After booking, the answer to the question “can you go to jail at a plea hearing?” depends on the defendant’s alleged crime.

Though jurisdictions classify crimes differently, they all consider intent, severity, and harm to the victim to determine if the offenses are misdemeanors or felony cases. Some of the general differences in plea hearings between these two are as follows.

  • Plea options: Guilty, not guilty, no contest.
  • Plea hearing: May take a plea during arraignment, or an initial court appearance.
  • Consequences: If the defendant enters a guilty or no contest plea, the judge may impose a sentence immediately or set a later date for sentencing. Penalties may include jail time, community service, or fines.
  • Plea options: Guilty, not guilty, and in some cases, not guilty because of insanity.
  • Plea hearing: May take place on a day separate from the arraignment and after a preliminary hearing. During the preliminary hearing, the prosecution provides evidence of why they believe the defendant committed a crime (probable cause).
  • Consequences: If the defendant enters a guilty plea, the judge may order a pre-sentence investigation to determine the appropriate sentence. The sentencing may take place on a different date. Penalties may include significant jail time or fines.

What happens at a felony plea hearing is that, in some cases, the prosecution and defense may negotiate a plea agreement that the judge may accept or reject. The plea hearing may occur on a different date if the judge agrees with the plea agreement.

In federal court, a preliminary hearing is within 14 days of the initial appearance if the defendant is in jail or 21 days if they are out on bail. However, if the crime falls under state law, the timeline depends on the specific laws for each jurisdiction. At this plea hearing, there is the potential for the case to be dismissed unless the prosecution brings forward enough probable cause. It is like a mini-trial before the lengthy and typically more expensive trial commences.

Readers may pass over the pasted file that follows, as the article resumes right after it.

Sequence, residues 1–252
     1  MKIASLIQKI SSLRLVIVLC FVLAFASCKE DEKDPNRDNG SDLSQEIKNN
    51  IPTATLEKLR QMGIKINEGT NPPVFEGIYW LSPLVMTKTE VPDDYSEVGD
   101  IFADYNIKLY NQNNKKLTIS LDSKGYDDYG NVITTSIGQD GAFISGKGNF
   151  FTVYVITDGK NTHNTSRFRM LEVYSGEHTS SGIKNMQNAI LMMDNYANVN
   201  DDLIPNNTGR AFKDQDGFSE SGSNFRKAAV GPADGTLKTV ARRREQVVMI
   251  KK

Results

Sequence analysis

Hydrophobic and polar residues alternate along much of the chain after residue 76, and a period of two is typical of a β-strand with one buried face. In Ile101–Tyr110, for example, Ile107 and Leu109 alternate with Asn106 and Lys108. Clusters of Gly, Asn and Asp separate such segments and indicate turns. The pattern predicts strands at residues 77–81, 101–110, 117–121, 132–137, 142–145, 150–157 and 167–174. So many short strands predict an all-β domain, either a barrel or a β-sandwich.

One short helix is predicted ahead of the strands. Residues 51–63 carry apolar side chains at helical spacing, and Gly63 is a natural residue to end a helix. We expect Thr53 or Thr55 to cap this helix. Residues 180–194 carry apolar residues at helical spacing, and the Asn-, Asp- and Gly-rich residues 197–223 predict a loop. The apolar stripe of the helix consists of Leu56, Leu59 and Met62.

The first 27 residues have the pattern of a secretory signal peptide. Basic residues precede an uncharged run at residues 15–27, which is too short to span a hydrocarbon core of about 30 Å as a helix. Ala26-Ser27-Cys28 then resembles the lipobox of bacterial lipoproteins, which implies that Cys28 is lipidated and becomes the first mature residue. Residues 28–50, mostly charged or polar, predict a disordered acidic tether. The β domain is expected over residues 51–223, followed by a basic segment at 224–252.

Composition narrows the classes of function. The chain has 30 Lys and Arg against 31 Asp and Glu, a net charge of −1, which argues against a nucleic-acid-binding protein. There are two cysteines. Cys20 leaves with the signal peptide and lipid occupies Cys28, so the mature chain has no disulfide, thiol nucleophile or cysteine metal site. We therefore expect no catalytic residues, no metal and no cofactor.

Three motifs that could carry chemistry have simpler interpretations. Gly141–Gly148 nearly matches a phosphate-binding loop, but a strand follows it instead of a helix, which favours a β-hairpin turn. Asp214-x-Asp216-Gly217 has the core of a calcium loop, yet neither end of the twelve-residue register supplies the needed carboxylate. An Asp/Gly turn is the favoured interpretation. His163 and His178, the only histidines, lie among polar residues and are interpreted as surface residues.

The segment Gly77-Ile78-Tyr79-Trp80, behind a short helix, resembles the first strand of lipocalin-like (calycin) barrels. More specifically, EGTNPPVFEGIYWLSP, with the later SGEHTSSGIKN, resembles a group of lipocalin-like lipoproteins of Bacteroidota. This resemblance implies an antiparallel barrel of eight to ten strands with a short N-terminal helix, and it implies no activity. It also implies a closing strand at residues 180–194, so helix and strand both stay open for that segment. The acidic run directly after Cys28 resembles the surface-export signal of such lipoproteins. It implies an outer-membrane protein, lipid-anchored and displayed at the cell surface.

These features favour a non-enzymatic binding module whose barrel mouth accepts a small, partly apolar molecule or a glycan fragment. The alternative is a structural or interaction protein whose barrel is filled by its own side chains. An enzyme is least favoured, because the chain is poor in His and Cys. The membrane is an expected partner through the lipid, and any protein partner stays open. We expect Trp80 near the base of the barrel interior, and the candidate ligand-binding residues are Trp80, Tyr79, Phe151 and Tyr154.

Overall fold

After the Plea Hearing

After a plea hearing, several things can happen depending on the case’s circumstances and the plea’s outcome, as follows.

  1. In either misdemeanor cases or a felony, if the defendant pleads not guilty, the case will proceed to pretrial hearings, including motions to dismiss, motions to suppress evidence, or other procedural matters.

  2. For a misdemeanor, the case will proceed to sentence if the defendant pleads guilty or has no contest and the judge accepts the plea. Depending on the plea agreement’s terms, a judge may sentence the defendant immediately or later.

  3. In a misdemeanor, the case may proceed to trial if the defendant pleads guilty or has no contest, but the judge rejects the plea.